From the start, Providence has needed BCC, and BCC has needed Providence. Jobs, Morris says, are just the next phase of the relationship. Providence wanted to max out its site with homes for displaced residents, which left the housing developer with few options for commercial enterprises.

  But, Morris says, building post-Katrina couldn't just be about housing. The only option was to reach out to other developers to build a more cohesive neighborhood with both commercial and residential properties.

  "We said, 'Let's see if people are interested in getting together and talking about what's going on and sharing information,'" Morris says. "And we can offer information to everyone about what we're planning to do. We are planning on making this investment of 1,500 homes and apartments in the neighborhood."

  "To sacrifice ReFresh for Lafitte?" Morris asks. "Nope. And vice versa. And it was never a choice because it never would have come to that. Because we need each other."

Even before Whole Foods came into the picture, the Sojourner Truth Community Center, which reopened after Katrina in 2009, was preparing Lafitte residents to enter the workforce. Morris says the center has made partnerships with area businesses that are hiring, and then helped residents take advantage of those opportunities. In addition to ReFresh, opportunities continue to present themselves at the Carver Theater on Orleans Avenue, which is set to open this winter; in the BioDistrict; and at Liberty's Kitchen, to name a few.

  "It's a redevelopment period," Morris says. "One of the things we do is offer a '21st century' job readiness course, because we want to get some of our folks who are not quite at step one to step one," she says.

  In addition to setting up residents with email addresses and teaching them basic workplace skills, Sojourner Truth also connects residents with GED classes at Delgado Community College and makes referrals.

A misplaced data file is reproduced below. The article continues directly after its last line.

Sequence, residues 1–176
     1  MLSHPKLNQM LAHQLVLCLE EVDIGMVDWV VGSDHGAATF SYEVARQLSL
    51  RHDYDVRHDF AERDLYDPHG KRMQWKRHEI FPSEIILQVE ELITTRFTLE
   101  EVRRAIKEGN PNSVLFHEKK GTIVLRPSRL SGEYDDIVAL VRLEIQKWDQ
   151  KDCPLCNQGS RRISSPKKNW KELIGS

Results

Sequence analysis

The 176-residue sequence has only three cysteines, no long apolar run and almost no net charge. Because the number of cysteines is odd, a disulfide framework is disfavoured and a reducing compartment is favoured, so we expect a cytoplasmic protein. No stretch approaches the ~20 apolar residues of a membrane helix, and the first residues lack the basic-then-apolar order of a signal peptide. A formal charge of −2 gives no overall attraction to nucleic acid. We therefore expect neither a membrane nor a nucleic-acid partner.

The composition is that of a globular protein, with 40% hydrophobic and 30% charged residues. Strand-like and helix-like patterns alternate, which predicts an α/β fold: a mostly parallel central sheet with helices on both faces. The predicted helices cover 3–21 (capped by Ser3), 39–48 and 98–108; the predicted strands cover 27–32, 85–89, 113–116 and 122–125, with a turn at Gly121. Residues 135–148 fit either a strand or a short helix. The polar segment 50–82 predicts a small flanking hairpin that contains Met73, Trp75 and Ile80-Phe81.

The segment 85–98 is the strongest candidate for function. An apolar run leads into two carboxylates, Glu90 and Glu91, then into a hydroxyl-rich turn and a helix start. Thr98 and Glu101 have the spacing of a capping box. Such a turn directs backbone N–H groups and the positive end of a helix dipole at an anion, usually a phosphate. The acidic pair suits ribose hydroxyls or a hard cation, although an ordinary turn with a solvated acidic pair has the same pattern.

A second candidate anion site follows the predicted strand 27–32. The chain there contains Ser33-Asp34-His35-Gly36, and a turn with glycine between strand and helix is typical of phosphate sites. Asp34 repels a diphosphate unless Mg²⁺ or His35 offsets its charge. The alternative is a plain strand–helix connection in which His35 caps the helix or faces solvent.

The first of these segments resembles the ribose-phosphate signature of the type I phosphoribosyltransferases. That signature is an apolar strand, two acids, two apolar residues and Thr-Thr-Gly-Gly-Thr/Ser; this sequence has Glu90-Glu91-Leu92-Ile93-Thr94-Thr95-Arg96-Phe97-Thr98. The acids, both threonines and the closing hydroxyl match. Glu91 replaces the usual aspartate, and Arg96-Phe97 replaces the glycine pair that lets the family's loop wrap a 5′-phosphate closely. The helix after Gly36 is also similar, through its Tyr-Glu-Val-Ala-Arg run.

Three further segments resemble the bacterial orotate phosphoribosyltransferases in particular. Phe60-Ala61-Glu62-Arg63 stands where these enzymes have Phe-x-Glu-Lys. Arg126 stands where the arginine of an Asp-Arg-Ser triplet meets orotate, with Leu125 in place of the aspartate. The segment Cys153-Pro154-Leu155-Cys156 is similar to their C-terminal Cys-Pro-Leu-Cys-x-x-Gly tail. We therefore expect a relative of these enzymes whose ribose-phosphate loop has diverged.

"You need some semblance of how to conduct yourself on a job site," Morris says, "because while they're happy to mold raw clay, they need you to understand that you need to get there on time."

  ReFresh will be the neighborhood's biggest employment opportunity yet, and Sojourner Truth timed its 21st Century class to coincide with the application deadline for Whole Foods. "21st Century is being geared toward the Whole Foods operation," Morris says. "They'll be done by the hiring date. That's in October. We made sure the timing worked out."

  Ernest Roy, Whole Foods' general manager and "team leader" at the Broad Street location, has attended tenants' meetings to spread the word about employment, and Whole Foods has advertised in the community center's monthly newsletter.

  "They've been all over this," Morris says.

Bradford says Whole Foods chose Sojourner Truth because of its location. "We would love for the immediate community to be a part of (the new people coming into the store)," she says. There is no educational requirement for a job at Whole Foods, even managerial level positions. (Of the 409 adults in Lafitte, 213 have either a GED or a high school diploma.)

  "Whole Foods does a lot of training," Bradford says. "Once you get hired into the company, there's a lot of training that goes on as part of your initial orientation, and they continue to train you throughout your career."

  The store will host an official job fair Oct. 11 at Sojourner Truth, and Roy, along with other current employees of the company, will assist Lafitte residents in filling out their online applications.

  As for whether residents are interested in the jobs that Whole Foods offers, Bradford is optimistic. "People have asked a lot of questions," she says. "People are really happy to hear about the process and so we just keep on meeting with different groups and educating them and letting them know about it."

  Glenn Hayes, a resident of Lafitte for 42 years, says he's confident the store will help the neighborhood. "I think people will apply," Hayes says, though he doesn't know anyone planning to do so.

  "There's been a lot of interest," Morris says. "It's one of those things where you get 30 people who want to do it and then 10 people show up. That always happens. And that means we have to go at it again."


Though there is no written commitment that Whole Foods will hire Lafitte residents, Morris has faith in the promise of ReFresh and BCC, which she says have been committed to the Lafitte project from the start.

  Meanwhile, "we're very concerned about prices," Morris says. Lafitte residents have a difficult time shopping for groceries in their underserved neighborhood, and a company often nicknamed "Whole Paycheck" may seem an odd choice to fill the void in a still-developing neighborhood that doesn't have a traditional supermarket. The store will accept governmental assistance cards and will offer its in-house 365 brand, which is cheaper than most of the brand-name products the store carries.

  The ReFresh Project was planned before Whole Foods became involved. "We got who we got," Morris says. "But Whole Foods is very committed to mitigating that as much as possible, without corrupting their underlying quality — because there's a reason you go to Whole Foods. We don't want to lose that and we don't want our residents not to have access to it."